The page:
“Look what I found for you,” my coworker said and handed me a Coty L’Aimant perfume ad shrink-wrapped on cardboard. It was all in gold and red, featuring a woman in a 1950s coiffure gazing into a tiny stage peppered with various L’Aimant products, from perfume to compacts to body powder. Each product was adorned with a horseshoe magnet encompassing a heart. “To be a magnet — wear a magnet — always!” the copy said.
Well, I could use some magnetizing. Who couldn’t? I remembered the bottle of vintage L’Aimant Eau de Toilette stashed in my perfume cupboard. It was time to put it to the test.
François Coty and Vincent Roubert created L’Aimant over five years, and the fragrance launched in 1927 — for context, the same year that saw the birth of Lanvin Arpège, Caron Bellodgia, and Jean Patou Chaldée. In his book Perfume, Nigel Groom lists L’Aimant’s notes as bergamot, neroli, peach, strawberry, jasmine, rose, ylang ylang, vanilla, vetiver and sandalwood. The fragrance fell out of production, then relaunched in 1995, when Groom claims it became the most popular perfume in Great Britain.
To me, L’Aimant smells like a warm aldehydic floral thicker and less spicy than vintage Arpège, but warmer than Chanel No. 5. It seems to aim for the sweet spot No. 5 staked out seven years earlier: an elegant, feminine skin scent with a (then) modern rush of fizzy aldehydes. By giving L’Aimant a fluffy, vaguely powdery bed of sweet vanilla and sandalwood and a pinch of fruit, Coty makes L’Aimant approachable and easier than No. 5 for some people to wear.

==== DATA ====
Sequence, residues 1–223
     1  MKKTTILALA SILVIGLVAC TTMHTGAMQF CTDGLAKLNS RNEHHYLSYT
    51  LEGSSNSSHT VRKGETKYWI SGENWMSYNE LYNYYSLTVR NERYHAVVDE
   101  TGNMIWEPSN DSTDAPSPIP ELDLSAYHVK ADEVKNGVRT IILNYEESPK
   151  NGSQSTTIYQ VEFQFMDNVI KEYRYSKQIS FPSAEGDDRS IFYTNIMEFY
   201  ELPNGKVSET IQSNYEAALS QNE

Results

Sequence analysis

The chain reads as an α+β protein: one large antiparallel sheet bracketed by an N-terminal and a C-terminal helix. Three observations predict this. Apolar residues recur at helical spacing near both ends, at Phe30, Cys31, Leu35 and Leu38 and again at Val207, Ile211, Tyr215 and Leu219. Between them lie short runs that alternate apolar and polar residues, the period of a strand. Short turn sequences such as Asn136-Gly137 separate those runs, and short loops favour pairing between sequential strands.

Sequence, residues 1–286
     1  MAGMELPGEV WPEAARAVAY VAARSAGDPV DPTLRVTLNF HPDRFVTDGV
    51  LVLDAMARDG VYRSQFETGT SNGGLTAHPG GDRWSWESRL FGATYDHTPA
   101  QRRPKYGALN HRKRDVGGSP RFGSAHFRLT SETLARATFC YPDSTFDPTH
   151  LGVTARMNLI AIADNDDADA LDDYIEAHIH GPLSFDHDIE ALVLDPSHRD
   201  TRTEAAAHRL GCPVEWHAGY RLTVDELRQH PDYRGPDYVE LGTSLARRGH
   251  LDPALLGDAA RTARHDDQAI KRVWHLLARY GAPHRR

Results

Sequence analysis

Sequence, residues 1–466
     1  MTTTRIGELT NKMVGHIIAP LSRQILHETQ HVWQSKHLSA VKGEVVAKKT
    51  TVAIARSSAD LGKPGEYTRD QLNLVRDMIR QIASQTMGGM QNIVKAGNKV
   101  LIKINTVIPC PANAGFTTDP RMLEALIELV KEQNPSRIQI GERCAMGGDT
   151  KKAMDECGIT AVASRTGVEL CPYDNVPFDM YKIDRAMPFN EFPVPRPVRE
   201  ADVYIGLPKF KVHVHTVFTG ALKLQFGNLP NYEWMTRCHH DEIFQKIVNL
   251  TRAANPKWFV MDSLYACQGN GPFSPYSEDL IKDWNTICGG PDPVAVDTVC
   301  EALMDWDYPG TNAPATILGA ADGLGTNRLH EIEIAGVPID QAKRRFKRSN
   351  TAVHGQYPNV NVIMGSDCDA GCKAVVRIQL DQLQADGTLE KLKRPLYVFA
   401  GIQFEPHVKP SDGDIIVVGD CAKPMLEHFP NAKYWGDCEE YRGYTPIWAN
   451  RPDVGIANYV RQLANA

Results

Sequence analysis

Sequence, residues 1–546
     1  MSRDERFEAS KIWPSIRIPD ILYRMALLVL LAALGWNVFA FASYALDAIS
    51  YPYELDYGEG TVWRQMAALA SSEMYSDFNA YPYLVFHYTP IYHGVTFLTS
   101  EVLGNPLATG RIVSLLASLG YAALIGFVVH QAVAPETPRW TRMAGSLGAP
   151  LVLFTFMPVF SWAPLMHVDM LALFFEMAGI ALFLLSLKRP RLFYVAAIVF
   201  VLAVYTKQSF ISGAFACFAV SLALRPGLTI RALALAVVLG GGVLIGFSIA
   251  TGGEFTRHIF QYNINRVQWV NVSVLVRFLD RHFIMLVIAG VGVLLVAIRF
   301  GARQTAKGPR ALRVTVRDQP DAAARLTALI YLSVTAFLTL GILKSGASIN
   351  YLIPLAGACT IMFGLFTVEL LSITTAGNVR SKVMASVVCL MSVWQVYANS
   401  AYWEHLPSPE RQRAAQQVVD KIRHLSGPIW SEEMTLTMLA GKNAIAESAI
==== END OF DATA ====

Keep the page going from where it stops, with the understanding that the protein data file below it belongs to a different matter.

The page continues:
That’s not to say that L’Aimant is entirely easygoing. Twice when I’ve been wearing it, I’ve caught a whiff of fecal civet. Only a flash, though — it reared its head, then disappeared into the fragrance again. All in all, it’s a beautifully blended, well-behaved fragrance. For this type of fragrance, though, I’m still crazy about vintage Arpège. However, L’Aimant is a lot easier to come by.
Like so many old fragrances, L’Aimant has probably seen enough reformulations to rival the pages in the New York City telephone book. My bottle of L’Aimant Eau de Toilette is shaped like a heart with a faux sharkskin label and Art Nouveau lettering. My guess is that it’s from the 1950s, and like many fragrances that old, its citrus top notes are shot. I don’t have a sample of new L’Aimant on hand to compare it to, but I have smelled new L’Aimant, and I remember a brash, ambery floral that didn’t tempt me to pick up a bottle.
I bet lots of you have memories of L’Aimant, either because you wore it yourself, or because it calls to mind beloved grandmothers and aunts. I hope you’ll share some of those stories.
Coty L’Aimant is still in production and available at drugstores. A 50 ml bottle of L’Aimant cologne spray is $24 at the Vermont Country Store and even less expensive at online discounters. Vintage bottles are easy to find online and at yard sales for a pittance.